“Did you find anything?” I asked.

Roy shook his head. “Are you sure you saw someone in the station?”

“Well…” I said.


“I didn’t see the intruder, but I did hear him.”

“You heard him?” Roy asked, as if he couldn’t believe his ears. “Sounds could mean anything. How do you know it wasn’t just the wind?”

“I know it wasn’t the wind,” I said firmly. “You know I would never make a claim that I am unsure of.”

Roy shook his head again. “Lily, all of these happenings lately have everyone a little off. You may very well be over thinking everything.”


“Lily, please. We didn’t find anything missing, and you have no real information that I can work with.”

“Are you sure you checked everything?” I asked.

Roy nodded. “We are still double checking a few things and going through a few other procedures just in case, but as far as I can tell, nothing is out of the ordinary. If there was someone in here, you scared him off before he got to anything.”

“I suppose that’s likely,” I said.

“You can get back to your own work now, Lily,” Roy told me. “There is no need for you to worry yourself over anything past your own work right now.”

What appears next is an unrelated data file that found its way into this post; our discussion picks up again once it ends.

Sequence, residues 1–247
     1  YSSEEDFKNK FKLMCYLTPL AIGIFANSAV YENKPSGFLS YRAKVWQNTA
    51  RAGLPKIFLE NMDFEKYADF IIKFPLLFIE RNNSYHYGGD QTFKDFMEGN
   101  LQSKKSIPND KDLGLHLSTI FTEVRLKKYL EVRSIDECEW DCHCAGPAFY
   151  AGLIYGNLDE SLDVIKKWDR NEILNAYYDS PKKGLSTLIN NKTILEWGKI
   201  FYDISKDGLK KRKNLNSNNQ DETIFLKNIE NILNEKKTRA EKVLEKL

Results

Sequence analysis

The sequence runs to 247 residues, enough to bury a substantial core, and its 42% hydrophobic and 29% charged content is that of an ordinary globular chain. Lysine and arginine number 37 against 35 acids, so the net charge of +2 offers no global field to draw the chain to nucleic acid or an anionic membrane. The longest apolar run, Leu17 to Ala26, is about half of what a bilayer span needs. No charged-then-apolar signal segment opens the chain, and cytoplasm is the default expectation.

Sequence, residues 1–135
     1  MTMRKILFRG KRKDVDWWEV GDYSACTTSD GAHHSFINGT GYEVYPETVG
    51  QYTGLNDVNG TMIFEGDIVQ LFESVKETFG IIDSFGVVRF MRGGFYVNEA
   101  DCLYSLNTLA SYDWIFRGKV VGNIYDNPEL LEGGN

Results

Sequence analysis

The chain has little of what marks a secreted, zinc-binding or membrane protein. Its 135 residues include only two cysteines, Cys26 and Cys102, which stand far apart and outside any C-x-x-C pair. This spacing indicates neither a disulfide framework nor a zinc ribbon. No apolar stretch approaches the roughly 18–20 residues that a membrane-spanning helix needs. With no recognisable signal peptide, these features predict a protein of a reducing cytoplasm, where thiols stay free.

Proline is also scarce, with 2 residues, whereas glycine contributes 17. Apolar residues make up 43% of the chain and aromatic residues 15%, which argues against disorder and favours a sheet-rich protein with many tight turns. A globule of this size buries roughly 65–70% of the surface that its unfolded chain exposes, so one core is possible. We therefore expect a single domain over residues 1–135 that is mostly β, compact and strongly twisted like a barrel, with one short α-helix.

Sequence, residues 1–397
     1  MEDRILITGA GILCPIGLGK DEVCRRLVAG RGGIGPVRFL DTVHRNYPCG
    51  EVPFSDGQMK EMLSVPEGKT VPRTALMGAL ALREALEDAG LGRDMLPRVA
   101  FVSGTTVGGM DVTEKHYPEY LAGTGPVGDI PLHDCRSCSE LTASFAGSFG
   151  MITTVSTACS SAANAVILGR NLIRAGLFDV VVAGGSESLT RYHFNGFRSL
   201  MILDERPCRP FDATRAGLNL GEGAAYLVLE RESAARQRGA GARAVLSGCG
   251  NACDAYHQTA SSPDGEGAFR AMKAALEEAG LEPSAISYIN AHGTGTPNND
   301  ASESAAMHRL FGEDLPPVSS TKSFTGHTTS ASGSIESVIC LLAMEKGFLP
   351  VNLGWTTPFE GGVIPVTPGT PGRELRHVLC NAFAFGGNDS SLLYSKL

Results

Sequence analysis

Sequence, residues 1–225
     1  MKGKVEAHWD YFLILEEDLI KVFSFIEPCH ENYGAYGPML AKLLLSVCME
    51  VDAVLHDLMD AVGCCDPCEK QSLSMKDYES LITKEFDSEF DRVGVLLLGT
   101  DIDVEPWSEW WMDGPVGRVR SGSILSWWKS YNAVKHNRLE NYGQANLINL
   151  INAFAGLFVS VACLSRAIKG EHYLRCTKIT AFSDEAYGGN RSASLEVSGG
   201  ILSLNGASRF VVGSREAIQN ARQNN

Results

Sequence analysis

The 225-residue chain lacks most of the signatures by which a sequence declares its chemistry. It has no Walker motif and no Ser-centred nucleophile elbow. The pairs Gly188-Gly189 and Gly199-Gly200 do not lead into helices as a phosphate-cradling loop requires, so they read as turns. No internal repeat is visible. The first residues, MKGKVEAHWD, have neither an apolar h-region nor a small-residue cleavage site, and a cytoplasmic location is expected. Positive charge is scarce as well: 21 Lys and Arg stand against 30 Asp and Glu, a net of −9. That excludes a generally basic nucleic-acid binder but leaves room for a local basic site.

“Thank you,” I said.

Roy just waved me out.

I went back to my office. I wasn’t sure of what to do next; what I needed was to clear my head, but that would have to wait until I was off duty. For the time being, I decided to add Mrs. Jacobs’s new claims to her case file.

“J” I mumbled to myself. I looked at my drawers mumbling, “J-J-J.”

H-K was labeled on the bottom drawer of the tall cabinet on the wall to the right of my desk. I opened it and shuffled through the collections of folders, looking for the J tab, which was near the back. I shuffled through the J folders—twice.

“Where is it?” I asked myself in frustration.

I checked the J folders a third and fourth time before going through the rest of the drawer. I looked through the entire drawer twice and then proceeded to look through my desk drawers and then the rest of the cabinet.

Mrs. Jacobs’s case file was missing.